Thursday, April 25, 2013

Does heavy media consumption negatively affect other media?

If a consumer is a heavy user with one media platform, does that mean that they will consume less from another? Not necessarily, according to a study from Edison Research and Arbitron.

The Center for Media Research recently released results from a study that tracked media use consumption. The three top reaching media platforms are radio, online and TV, and the study focused on its heavy user habits. On average, persons 12+ consume 3:33 hours of television a day, 2:38 hours of the internet, and 2:04 hours of radio.

Results reflected that heavy online users spent about seven hours per day on the internet. By contrast, these heavy users consumed the average amount of TV at 3:35 hours and radio at 2:07 hours. Meaning, the steep skew towards online media consumption did not directly affect other media habits.

The trend continued with heavy TV users. This group averaged about 8:16 hours a day watching TV compared to 2:52 hours being online, and 2:12 hours listening to radio. All media was above the national averages.

Lastly, the heavy radio users spent about 6:23 hours listening, 3:31 hours watching TV, and 3:00 being online.

In conclusion, the study mentioned that the average time spent will all three media is 8:15 hours. This is up from the 7:03 hours average ten years ago. That being said, it leads one to believe that there is some media usage overlap to account for the increased consumption.

Thursday, April 18, 2013

Which is easier to read- print, tablet or e-reader?

What difference does it make whether one media is easier to read than another? It can make a big difference if you want someone to read something long enough to see your advertisement. Researchers at Johannes Gutenberg University in Mainz, Germany recently did a study to see which print form, print, tablets, or e-readers, are easiest to read.

According to MediaPost, the study divided the research participants into two groups with one being between the ages of 21-34, and the other being 60+. While the groups read from print, tablets and e-readers, researchers were tracking eye movement and brain activity. This was done to determine how much neural power is needed to read the same text but in different formats.

Results showed that there wasn’t much variance between reading formats for the younger-skewing group. However, the older-skewing group did have some differences. This group, on average, read text on an iPad tablet three or four seconds faster than the other forms. Also, when reading the iPad, the same group showed lower level of brain activity. Meaning, it was easier to read than print and e-readers. Researchers reasoned this could be because of the tablet computers’ backlit screens, which can make text stand out more from the page.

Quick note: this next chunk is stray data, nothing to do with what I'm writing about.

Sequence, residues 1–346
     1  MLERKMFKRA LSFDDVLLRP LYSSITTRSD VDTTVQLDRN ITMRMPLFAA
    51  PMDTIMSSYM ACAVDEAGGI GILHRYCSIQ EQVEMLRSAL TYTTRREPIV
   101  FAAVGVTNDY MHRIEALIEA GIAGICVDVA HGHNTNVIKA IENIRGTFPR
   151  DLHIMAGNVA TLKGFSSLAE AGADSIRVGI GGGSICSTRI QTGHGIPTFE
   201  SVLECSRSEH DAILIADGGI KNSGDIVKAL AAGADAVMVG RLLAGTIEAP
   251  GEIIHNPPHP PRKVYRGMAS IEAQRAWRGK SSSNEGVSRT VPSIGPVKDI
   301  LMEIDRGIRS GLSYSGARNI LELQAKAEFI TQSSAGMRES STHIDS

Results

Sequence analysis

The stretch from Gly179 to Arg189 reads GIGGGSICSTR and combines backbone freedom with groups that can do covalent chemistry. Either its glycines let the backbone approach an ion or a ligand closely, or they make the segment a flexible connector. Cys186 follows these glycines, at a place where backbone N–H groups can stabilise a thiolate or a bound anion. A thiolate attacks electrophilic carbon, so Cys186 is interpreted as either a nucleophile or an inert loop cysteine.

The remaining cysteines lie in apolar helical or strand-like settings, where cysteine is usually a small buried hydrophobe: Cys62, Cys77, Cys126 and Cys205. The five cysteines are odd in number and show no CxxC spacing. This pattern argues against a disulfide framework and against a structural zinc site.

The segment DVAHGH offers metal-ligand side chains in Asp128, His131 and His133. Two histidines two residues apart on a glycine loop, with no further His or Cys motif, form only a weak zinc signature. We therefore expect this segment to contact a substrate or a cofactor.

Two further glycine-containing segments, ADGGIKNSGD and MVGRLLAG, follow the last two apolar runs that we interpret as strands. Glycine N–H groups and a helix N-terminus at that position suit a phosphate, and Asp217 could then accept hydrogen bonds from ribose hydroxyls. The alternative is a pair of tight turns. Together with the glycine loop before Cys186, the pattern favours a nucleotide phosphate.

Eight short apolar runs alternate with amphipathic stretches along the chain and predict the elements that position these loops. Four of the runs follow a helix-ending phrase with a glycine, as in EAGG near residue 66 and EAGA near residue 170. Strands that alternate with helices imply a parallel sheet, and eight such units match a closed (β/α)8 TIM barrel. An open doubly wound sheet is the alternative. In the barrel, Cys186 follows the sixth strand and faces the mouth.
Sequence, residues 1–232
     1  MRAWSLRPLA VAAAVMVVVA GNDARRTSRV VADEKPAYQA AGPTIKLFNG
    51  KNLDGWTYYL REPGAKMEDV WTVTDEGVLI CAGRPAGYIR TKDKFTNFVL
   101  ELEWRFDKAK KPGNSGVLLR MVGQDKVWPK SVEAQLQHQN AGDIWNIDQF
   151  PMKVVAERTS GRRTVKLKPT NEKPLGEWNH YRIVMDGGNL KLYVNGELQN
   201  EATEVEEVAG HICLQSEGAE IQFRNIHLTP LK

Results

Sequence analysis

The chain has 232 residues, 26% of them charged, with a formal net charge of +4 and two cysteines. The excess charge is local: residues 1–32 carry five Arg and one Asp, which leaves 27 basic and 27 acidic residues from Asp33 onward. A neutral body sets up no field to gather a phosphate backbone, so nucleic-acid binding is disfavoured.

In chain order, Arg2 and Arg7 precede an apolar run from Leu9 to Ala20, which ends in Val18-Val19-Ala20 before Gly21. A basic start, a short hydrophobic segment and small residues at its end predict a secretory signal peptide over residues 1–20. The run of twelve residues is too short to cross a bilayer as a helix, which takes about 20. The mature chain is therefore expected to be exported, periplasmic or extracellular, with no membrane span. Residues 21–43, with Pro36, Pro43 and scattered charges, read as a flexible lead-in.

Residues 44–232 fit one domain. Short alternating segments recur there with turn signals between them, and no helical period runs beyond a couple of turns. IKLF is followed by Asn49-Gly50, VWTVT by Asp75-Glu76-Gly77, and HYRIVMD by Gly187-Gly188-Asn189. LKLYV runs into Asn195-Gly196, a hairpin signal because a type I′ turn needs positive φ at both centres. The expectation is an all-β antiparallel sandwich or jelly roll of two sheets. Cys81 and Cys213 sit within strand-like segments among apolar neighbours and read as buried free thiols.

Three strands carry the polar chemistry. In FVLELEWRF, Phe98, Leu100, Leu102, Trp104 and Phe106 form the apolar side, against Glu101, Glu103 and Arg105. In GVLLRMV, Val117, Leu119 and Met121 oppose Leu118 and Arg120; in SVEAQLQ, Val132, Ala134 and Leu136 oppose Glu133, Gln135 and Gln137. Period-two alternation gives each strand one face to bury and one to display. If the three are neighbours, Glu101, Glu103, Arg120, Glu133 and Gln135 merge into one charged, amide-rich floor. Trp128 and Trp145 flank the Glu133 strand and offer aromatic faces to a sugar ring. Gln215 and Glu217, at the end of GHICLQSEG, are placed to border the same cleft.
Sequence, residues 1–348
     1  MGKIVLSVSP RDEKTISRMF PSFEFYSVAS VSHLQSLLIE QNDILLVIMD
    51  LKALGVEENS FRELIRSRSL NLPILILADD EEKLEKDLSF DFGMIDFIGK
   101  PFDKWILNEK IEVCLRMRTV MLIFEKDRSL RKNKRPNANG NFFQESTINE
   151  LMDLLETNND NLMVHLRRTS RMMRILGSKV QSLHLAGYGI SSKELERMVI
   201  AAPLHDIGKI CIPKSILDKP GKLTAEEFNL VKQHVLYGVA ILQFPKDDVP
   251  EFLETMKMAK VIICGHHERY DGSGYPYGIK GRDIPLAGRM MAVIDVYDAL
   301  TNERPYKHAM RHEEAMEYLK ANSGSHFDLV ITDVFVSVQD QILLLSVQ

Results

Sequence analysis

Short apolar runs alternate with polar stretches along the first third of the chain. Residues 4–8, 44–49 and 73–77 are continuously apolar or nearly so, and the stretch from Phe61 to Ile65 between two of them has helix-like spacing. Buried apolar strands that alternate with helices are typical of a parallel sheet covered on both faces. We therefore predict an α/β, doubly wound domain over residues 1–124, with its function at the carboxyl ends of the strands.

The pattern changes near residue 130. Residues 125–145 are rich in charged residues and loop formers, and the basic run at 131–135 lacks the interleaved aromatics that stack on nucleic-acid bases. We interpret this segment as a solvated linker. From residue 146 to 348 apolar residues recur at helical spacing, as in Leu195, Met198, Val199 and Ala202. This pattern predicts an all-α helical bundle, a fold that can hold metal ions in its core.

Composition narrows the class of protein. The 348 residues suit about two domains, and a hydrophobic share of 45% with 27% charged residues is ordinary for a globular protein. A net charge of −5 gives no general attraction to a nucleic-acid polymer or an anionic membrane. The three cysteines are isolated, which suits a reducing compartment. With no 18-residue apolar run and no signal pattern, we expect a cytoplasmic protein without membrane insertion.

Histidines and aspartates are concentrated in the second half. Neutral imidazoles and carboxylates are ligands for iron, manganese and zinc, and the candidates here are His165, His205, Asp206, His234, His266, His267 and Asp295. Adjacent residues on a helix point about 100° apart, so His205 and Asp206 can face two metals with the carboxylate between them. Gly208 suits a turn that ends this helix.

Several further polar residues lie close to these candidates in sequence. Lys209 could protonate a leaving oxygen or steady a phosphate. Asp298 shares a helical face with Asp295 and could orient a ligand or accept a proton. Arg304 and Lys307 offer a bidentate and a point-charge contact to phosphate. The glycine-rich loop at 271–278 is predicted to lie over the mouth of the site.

Overall, how can advertisers use this to their advantage? It would be extreme to cut out all advertising in print and e-readers all together if the goal is to reach the older-skewing demographic. Instead, it would be recommended to maintain coverage in existing media and possibly expand into other media forms like the iPad.

Thursday, April 11, 2013

Is television reaching an older audience?

With broadcast television, some networks skew younger than others, but how exactly are they ranking? From looking at the first two weeks of the fall 2012 season, it appears that most networks are growing older.

According to MediaPost, most of the median ages increased from the year prior:

·       CBS: Median age of 57.8 years; 55.3 in 2011.
·       ABC: Median age of 55.3 years; 53.4 in 2011.
·       NBC: Median age of 47.8 years; 48.7 in 2011.
·       Fox: Median age of 43.3 years; 41.8 in 2011.
·       CW: Median age of 40.9 years; 36.6 in 2011.
·       Univision: Median age of 40.4 years; 36.8 in 2011.

What does this information tell us? First of all, the data was pulled from the initial two weeks of the fall season. Therefore, it may have leveled out throughout the season. However, it does still show a trend towards an older audience.

It’s up to advertisers to figure out how best to reach their audience. For example, if the desired consumer is younger, look at younger skewing networks or look at younger skewing programming within all networks. Just because the median is slightly older, doesn’t mean that the younger audience has left. It simply means that the active audience is staying with certain programs and networks in spite of the fact they are getting older.

Thursday, April 4, 2013

FXX to launch this fall to a younger demographic

In recent TV upfronts, the Fox cable group announced plans to launch a new cable channel this September. Already running FX, the new sister channel will be called FXX.

According to MediaPost, FXX will target a younger skewing audience of people 18-34. In order to help bolster interest, two successful FX programs, “It’s Always Sunny in Philadelphia” and “The League” will move to FXX. In addition, two original comedies, and a late-night show will be added to the programming. Eventually, the new channel hopes to expand to original dramas. The cable group intends to reach a distribution of 74 million homes within the first year.

With this addition, the Fox cable group will be able to reach the majority of the demographics with FXX reaching the younger audience of adults 18-34, FX reaching the young to middle aged adults 18-49, and the Fox Movie Channel, FXM, reaching the older audience of adults 25-54.

Advertisers will need to keep an eye on the new channel to see if the programming has enough leg to make it a success. In theory, this could be a new option to reach a young adult audience.